SYDNEY, Australia (AFP) — Climate change appears to have driven to extinction an Australian Great Barrier Reef rodent, according to a new study, which suggests the species may be the first mammal lost to the global phenomenon.
Extensive searches for the Bramble Cay melomys, a small rat-like animal, have failed to find a single specimen from its only known habitat on a sandy island in far northern Australia.
Researchers said the key factor behind the extinction was “almost certainly” ocean inundation of the low-lying cay, likely on several occasions, over the last decade which resulted in dramatic habitat loss.
Available data on sea-level rise and weather events in the Torres Strait region “point to human-induced climate change being the root cause of the loss of the Bramble Cay melomys”, added the Queensland state government and University of Queensland study.
The Melomys rubicola, considered the Great Barrier Reef’s only endemic (found nowhere else) mammal species, was first discovered on the cay in 1845 by Europeans who shot the “large rats” for sport.
But the last known sighting, by a professional fisherman, was in 2009.
When a 2014 study found no sign of the species, researchers decided to conduct the most extensive survey possible in the hope of conserving the species.
That survey — using traps, cameras and searches — “produced no records of the species, confirming that the only known population of this rodent is now extinct”, said the report.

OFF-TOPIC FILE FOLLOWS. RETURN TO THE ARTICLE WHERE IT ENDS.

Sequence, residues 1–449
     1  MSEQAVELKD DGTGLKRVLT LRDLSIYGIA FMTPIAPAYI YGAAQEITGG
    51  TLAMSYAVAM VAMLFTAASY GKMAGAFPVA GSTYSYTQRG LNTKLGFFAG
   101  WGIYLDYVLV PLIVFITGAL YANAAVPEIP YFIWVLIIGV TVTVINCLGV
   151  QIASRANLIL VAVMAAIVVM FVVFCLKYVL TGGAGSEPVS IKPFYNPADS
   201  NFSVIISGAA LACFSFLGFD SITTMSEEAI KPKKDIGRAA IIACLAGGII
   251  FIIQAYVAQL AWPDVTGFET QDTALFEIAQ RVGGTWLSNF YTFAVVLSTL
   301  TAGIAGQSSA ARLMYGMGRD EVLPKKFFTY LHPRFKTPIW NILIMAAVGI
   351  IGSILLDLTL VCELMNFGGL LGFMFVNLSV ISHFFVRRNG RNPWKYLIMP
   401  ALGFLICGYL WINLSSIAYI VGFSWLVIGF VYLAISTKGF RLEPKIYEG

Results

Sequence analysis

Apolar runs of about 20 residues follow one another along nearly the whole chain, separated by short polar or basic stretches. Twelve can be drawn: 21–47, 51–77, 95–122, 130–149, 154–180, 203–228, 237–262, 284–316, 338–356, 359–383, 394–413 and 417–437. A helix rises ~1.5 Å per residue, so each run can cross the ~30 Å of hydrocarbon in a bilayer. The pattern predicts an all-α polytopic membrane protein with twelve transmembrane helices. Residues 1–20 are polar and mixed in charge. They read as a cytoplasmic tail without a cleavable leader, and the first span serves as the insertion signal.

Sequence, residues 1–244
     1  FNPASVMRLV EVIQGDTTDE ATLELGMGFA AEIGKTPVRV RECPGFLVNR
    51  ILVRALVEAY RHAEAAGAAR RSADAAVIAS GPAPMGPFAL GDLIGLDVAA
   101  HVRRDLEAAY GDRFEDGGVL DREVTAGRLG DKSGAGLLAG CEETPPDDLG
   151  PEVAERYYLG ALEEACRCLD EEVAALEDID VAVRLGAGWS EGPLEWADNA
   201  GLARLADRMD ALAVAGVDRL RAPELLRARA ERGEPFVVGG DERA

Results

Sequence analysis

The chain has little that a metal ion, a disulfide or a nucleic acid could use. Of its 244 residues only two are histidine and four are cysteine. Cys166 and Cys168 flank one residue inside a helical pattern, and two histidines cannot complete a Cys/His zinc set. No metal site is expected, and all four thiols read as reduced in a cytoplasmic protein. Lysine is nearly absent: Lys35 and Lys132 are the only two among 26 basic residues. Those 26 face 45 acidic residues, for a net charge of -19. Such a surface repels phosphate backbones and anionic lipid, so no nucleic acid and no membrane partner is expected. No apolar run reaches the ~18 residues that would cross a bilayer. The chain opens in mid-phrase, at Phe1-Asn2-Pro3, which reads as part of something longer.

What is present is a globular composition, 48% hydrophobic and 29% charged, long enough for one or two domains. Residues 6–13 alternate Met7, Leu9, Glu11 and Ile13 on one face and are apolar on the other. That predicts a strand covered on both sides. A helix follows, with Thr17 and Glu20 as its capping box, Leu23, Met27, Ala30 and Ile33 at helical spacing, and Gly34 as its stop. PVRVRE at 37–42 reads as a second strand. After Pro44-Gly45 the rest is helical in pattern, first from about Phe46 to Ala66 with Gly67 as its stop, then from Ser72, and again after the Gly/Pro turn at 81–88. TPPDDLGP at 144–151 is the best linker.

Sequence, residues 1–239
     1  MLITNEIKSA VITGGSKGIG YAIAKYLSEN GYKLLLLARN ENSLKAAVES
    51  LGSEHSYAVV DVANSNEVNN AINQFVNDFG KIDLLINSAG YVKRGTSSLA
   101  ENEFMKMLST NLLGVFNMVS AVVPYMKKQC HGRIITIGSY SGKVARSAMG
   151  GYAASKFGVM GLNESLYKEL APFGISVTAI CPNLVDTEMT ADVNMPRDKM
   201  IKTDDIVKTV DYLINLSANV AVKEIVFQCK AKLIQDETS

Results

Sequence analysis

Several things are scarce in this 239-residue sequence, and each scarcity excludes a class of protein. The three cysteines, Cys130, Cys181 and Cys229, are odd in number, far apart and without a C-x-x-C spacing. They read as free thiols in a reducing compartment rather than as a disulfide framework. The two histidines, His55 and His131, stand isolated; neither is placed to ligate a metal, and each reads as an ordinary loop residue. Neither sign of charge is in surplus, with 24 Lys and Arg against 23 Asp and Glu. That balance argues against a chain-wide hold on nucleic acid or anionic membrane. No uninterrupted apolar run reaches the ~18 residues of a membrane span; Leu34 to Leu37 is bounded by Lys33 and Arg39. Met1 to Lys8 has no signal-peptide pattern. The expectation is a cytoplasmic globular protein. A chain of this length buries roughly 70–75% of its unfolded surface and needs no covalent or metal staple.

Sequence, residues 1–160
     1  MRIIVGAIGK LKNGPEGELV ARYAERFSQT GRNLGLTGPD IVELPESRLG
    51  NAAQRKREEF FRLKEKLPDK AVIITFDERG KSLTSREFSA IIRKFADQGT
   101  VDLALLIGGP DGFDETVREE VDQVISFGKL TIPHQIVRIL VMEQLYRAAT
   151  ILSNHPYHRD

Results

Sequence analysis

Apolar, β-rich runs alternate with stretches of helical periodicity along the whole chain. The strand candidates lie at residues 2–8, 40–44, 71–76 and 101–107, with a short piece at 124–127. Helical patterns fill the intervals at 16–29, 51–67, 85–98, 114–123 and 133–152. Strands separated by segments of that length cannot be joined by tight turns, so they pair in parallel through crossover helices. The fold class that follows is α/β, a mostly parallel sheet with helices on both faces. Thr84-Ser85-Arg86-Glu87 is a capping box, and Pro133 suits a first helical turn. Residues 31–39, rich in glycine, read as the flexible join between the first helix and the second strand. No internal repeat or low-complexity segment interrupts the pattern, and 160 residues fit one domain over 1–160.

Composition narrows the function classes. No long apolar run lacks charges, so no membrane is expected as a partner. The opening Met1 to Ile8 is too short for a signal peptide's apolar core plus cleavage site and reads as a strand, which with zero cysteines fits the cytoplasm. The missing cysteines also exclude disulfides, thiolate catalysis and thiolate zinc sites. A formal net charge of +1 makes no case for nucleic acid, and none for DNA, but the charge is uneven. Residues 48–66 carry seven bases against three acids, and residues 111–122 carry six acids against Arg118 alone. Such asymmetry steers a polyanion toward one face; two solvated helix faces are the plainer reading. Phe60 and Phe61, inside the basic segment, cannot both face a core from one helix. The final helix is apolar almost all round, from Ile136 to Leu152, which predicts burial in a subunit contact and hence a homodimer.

The 2015 IUCN Red List of Threatened Species implicated climate change in the extinction of another mammal, the Little Swan Island hutia (Geocapromys thoracatus), a rodent previously found on a coral atoll in Honduras.
But it found the main driver of its demise was an introduced cat, the report said.
“Consequently, the conclusion here that the extirpation of the Bramble Cay melomys from Bramble Cay occurred because of rising sea levels and an increased incidence of extreme weather events over preceding years is significant in that it probably represents the first documented mammalian extinction due solely (or primarily) to anthropogenic climate change,” it said.
The study added that the main hope for the species was that another population existed in neighbouring Papua New Guinea.
“Consequently, at this stage, it may be premature to declare the Bramble Cay melomys extinct on a global scale,” it added.
Environment group WWF-Australia said the fate of the species was a sad reminder of the nation’s extinction crisis.
“Australia officially has the worst rate of mammal extinction in the world,” said spokesperson Darren Grover.
Unless governments commit significant funding towards protecting Australia’s threatened species, “we can expect to see more native critters go extinct on our watch”, he added.
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